Archibald plucked a log from the pile and threw it in the fireplace. He sat down in Gomez's chair.

"Thank you, Archibald," Julian said.

"There wasn't any fire," the butler remarked.

"The point of the exercise."

"Then it wasn't a test of obedience," said Archibald.

"But it was!" cried Julian, brow furrowed.

"You told me to throw a log on the fire. I threw a log in the fireplace. There wasn't any fire in the fireplace. Therefore I was disobedient."

Julian slapped himself. "I'd bet a krónur you did that on a bet."

Archibald smiled. "Really?"

"Yes."

Archibald gave him a krónur. "You win."

"My only question is who put you up to this," Julian groaned.

The Alphabet materialized. "I did," U said.

"Did not!" I cried.

"He was referring to himself," said H.

"Oh," said I.

"Yes?" said O.

"It was an exclamation of realization," T explained.

Julian interrupted the rapid banter. "Fellows! How did you get here?"

"I am everywhere," U said.

"Leave me out of this!" I protested.

The chatter continued rapid-fire amidst the throng of letters. After much debate about grammar and syntax, they realized that Julian was getting impatient.

"Gork!" Julian called. "Banish these intruders."

An end table with a quaint decorative lamp shapeshifted into a quirky little alien named Gork. Archibald, who had gotten up and was leaning on the end table, fell and sprawled on the floor.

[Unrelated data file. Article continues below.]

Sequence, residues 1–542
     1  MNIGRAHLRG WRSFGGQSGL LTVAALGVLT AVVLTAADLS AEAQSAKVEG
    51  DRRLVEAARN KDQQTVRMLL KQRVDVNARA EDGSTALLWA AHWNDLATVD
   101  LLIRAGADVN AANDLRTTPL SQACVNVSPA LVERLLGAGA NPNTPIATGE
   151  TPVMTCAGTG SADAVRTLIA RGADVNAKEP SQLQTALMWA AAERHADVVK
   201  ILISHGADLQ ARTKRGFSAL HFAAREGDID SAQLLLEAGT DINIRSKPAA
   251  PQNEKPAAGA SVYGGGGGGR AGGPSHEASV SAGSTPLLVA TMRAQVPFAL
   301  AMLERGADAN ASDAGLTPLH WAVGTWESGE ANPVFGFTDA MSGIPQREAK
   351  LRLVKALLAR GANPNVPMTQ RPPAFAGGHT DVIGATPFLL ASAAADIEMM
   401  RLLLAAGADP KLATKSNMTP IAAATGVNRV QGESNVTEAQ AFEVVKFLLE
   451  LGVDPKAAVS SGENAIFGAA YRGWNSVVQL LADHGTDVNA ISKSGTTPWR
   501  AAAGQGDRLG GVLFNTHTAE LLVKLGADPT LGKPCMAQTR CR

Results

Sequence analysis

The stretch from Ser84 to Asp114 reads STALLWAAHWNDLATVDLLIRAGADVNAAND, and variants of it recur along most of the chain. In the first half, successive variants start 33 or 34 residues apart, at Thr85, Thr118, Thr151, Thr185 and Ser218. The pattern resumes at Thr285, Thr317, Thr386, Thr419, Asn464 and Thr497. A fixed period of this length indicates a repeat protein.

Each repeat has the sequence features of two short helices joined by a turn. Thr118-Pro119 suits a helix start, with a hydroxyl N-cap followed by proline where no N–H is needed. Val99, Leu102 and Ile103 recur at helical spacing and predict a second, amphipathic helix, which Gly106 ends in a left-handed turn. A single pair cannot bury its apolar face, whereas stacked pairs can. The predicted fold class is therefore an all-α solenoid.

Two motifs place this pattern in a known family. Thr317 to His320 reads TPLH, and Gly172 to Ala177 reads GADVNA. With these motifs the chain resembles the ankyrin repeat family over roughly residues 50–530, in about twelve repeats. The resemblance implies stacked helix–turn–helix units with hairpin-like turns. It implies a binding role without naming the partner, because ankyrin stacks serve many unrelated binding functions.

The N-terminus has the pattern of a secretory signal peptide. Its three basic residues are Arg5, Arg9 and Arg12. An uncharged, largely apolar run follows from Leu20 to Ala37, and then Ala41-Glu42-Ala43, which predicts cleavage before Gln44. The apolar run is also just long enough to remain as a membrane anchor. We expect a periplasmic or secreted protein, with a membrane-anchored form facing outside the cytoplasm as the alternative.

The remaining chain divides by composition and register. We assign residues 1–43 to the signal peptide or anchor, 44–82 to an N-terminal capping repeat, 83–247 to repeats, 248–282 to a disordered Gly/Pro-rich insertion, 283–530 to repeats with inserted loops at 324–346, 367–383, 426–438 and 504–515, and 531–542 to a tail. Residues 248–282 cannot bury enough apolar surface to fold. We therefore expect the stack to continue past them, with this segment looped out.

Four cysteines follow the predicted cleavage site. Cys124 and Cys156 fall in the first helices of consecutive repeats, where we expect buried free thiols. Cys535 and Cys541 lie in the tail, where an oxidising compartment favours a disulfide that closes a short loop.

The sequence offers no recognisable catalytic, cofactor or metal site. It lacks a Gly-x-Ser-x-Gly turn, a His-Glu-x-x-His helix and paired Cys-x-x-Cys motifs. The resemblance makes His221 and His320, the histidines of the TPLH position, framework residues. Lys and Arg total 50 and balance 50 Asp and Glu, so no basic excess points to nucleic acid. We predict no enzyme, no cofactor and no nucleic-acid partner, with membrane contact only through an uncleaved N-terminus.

"Brench," said Gork.

The Alphabet's chattering silenced at the sheer force of this argument. "We should probably be moving along, then," said A.

"I assume you weren't referring to me?" asked B.

Before U and I could protest, though, Gork squelched and the Alphabet disappeared.

"Thank you, Gork," said the butler, standing up and dusting himself off.

"Zug," Gork responded.

"You're welcome," said Archibald. There was a pause. Then he massaged his forehead. "Wait, I was thanking you."

Julian laughed. "Don't bother to debate with Gork. His superior intelligence will prevail every time."

"Gomez would have a ball," Archibald remarked.

The walls began to shake. Pictures fell from their tacks. The door slammed open, and Björnharalðfyrirskræþenssen, the Icelandic giant, thumped in. He gave a mighty roar.

"Hver ert Archibald?" he hollered.

"Here I am," said the butler. "But I'm afraid I don't know much more Icelandic than that."

"And don't yell," Julian added.

Björn looked abashed. "Oh. I'm sorry. I didn't break anything –"

"No, Björn," Julian interrupted. "Don't worry about it. Now was there something you wanted?"

"Well, it isn't really that important," Björn said meekly.